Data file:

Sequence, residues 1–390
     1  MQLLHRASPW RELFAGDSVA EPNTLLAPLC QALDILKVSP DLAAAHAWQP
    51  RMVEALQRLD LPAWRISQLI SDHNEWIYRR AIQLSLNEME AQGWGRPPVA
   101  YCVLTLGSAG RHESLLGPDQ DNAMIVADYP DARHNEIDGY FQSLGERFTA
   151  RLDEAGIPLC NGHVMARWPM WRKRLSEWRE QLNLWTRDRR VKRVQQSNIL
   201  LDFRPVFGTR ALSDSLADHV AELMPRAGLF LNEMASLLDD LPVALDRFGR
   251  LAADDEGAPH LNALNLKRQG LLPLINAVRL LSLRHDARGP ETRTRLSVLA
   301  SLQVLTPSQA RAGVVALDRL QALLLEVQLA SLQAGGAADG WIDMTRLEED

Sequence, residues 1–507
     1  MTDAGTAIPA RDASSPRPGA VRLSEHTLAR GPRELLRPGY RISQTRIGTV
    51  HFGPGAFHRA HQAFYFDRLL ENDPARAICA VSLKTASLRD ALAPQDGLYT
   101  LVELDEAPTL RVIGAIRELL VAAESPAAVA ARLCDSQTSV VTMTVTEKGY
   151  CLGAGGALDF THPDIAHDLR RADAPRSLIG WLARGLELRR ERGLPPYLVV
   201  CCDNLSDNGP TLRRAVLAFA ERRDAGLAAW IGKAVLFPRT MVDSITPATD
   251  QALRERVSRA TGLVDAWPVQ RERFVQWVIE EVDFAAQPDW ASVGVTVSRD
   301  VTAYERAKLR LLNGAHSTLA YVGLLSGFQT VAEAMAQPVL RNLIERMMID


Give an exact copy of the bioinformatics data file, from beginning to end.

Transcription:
Sequence, residues 1–390
     1  MQLLHRASPW RELFAGDSVA EPNTLLAPLC QALDILKVSP DLAAAHAWQP
    51  RMVEALQRLD LPAWRISQLI SDHNEWIYRR AIQLSLNEME AQGWGRPPVA
   101  YCVLTLGSAG RHESLLGPDQ DNAMIVADYP DARHNEIDGY FQSLGERFTA
   151  RLDEAGIPLC NGHVMARWPM WRKRLSEWRE QLNLWTRDRR VKRVQQSNIL
   201  LDFRPVFGTR ALSDSLADHV AELMPRAGLF LNEMASLLDD LPVALDRFGR
   251  LAADDEGAPH LNALNLKRQG LLPLINAVRL LSLRHDARGP ETRTRLSVLA
   301  SLQVLTPSQA RAGVVALDRL QALLLEVQLA SLQAGGAADG WIDMTRLEED

Sequence, residues 1–507
     1  MTDAGTAIPA RDASSPRPGA VRLSEHTLAR GPRELLRPGY RISQTRIGTV
    51  HFGPGAFHRA HQAFYFDRLL ENDPARAICA VSLKTASLRD ALAPQDGLYT
   101  LVELDEAPTL RVIGAIRELL VAAESPAAVA ARLCDSQTSV VTMTVTEKGY
   151  CLGAGGALDF THPDIAHDLR RADAPRSLIG WLARGLELRR ERGLPPYLVV
   201  CCDNLSDNGP TLRRAVLAFA ERRDAGLAAW IGKAVLFPRT MVDSITPATD
   251  QALRERVSRA TGLVDAWPVQ RERFVQWVIE EVDFAAQPDW ASVGVTVSRD
   301  VTAYERAKLR LLNGAHSTLA YVGLLSGFQT VAEAMAQPVL RNLIERMMID